Not really. I like the mix of adventure and science and will perhaps try to find other books in that genre.
Although familiar with the story I had never read this well-known tale.
I am happy that I did not pay full-price! What should have been an exciting and interesting adventure was simply tedious. The main character seemed to be having fainting fits through the whole book. I just could not feel any connection to any of the characters.
I enjoy Tim Curry's voice and would like to listen to another audiobook narrated by him, but the story fell flat.
Listener of history, biography, and science, with some fiction and sci-fi thrown in for good measure.
It’s a classic. You know the story: Brendan Fraser, some kid, and a mute descend into an extinct volcano to journey to the center of the earth, and face trials and tribulations along the way. Yeah, some of the perils are a little forced, and the word “electricity” is both misused and overused, but heck the book was written in 1864, so what do you expect. Seriously though, if you haven’t yet read it, do so. It’s worth it.
I must say, however, that I am more than slightly disappointed with Tim Curry’s performance. Don’t get me wrong, he has a great voice, good pacing, and nice tone, but he uses character voices inconsistently. For example, his voice for the uncle suits the character well, but far too often he slips and uses the same voice for the narrator, which is confusing and irritating because I’m not sure who is saying what. Other than that, great job, especially with pronouncing “Snæfellsjökull.”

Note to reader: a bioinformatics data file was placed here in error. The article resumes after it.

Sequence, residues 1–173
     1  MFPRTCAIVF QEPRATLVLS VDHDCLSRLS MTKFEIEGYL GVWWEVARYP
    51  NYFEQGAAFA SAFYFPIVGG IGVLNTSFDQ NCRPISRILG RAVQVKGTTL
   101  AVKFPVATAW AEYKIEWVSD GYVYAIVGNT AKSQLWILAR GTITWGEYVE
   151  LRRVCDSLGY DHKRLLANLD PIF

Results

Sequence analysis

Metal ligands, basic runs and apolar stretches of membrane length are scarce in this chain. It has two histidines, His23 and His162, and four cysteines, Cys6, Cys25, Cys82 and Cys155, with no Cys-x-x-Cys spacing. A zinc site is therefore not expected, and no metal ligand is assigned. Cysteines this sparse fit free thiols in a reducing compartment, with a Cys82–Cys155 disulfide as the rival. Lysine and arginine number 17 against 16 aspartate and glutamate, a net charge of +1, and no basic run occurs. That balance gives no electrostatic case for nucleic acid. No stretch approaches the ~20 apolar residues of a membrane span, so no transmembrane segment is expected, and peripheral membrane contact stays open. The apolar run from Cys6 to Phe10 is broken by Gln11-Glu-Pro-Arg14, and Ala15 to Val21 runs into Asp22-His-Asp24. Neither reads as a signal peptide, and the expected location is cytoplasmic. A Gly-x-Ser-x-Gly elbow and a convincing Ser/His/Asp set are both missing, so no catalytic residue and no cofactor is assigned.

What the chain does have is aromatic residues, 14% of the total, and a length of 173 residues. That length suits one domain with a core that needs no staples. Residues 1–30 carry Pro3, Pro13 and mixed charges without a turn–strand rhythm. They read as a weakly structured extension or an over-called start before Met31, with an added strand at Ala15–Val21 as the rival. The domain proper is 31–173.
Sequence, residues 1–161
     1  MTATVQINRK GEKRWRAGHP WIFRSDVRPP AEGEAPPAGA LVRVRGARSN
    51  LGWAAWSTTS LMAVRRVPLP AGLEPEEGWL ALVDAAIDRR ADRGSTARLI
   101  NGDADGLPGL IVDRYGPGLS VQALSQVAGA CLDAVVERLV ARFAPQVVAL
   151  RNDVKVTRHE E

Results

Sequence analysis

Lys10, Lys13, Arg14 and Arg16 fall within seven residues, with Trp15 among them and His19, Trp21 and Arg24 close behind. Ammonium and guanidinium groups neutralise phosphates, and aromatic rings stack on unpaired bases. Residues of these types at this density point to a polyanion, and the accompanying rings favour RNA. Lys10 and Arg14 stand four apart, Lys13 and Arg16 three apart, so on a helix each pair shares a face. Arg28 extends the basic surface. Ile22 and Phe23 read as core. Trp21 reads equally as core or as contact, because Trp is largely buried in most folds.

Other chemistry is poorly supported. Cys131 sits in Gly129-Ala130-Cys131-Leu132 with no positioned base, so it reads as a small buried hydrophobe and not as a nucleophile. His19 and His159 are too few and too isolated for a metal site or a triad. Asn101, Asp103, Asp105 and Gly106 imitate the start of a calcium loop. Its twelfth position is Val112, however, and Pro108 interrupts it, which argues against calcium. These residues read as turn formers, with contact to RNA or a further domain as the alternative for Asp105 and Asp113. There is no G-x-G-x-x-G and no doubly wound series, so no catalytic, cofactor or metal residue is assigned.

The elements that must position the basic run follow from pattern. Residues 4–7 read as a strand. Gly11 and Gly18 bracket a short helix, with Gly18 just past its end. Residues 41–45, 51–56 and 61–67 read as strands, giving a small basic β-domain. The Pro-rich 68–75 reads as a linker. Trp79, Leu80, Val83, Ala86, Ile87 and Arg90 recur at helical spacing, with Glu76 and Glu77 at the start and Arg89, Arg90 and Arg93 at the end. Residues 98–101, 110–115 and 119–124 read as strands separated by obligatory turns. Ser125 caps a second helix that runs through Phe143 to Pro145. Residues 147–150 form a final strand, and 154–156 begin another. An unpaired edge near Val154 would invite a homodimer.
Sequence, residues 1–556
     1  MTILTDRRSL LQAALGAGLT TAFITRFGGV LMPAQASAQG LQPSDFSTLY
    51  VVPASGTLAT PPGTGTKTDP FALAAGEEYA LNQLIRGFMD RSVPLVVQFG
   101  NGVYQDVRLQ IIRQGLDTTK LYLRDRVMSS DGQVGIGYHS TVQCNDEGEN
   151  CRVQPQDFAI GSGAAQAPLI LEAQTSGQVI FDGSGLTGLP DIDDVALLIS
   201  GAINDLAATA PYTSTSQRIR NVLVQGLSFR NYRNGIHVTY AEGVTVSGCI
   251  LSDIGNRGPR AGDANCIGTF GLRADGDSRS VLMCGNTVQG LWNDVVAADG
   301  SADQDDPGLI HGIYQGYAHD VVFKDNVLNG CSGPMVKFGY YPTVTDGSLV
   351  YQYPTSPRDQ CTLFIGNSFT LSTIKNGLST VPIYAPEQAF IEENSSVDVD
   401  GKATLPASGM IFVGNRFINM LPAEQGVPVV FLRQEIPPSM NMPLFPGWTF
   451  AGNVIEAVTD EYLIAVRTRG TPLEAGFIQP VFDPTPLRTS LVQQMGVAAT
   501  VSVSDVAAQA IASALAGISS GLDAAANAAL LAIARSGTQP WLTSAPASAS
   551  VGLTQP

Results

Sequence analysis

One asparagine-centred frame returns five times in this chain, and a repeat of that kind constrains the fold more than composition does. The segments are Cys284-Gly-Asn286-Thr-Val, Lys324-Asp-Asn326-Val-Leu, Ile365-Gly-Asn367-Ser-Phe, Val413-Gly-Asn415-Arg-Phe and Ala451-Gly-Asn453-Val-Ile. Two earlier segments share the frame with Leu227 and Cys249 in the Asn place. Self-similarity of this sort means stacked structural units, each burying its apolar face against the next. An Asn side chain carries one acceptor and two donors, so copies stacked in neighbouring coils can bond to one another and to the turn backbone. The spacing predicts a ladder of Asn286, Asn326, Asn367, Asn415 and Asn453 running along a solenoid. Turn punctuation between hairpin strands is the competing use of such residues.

I love to read. On average I read and/or listen to more than 100 books a year. Audible has been a fantastic addition to my life. Love it!
This is a book that I've read, and re-read many times. This edition, as narrated by Tim Curry, is lovely. His voice adds a husky gravitas that is lovely to listen to. The story almost becomes secondary to listening to Curry read it.
This is a classic Jules Verne story brought to brilliant life through Tim Curry's narration.
Any minor criticisms I might have with the story line of "Journey" are completely swept aside by the wonderful pitch-perfect narration of Tim Curry. As others have mentioned, it's like settling down in a large leather chair in Verne's study as he reads to you.
I can almost smell the cigars and brandy! Fantastic.
I work in IT, I love reading, I love Writing and for those daily travels too and fro I love to listen to Audible books too
What is there not to love about this story, inspired so many copies, so many versions in book and movies. It has an imagination that inspires.
I just love this man's voice. It always sounds like he is having fun.
Another great book read by a great narrator.
Near the top. Curry's performance re-energized this story for me.
Any conversation between the nephew and professor. Always amusing even over a hundred years later.
The professor. Hands down.
I would have if time permitted.
Nope, just a classic book read by a classic actor. It's doesn't get much better.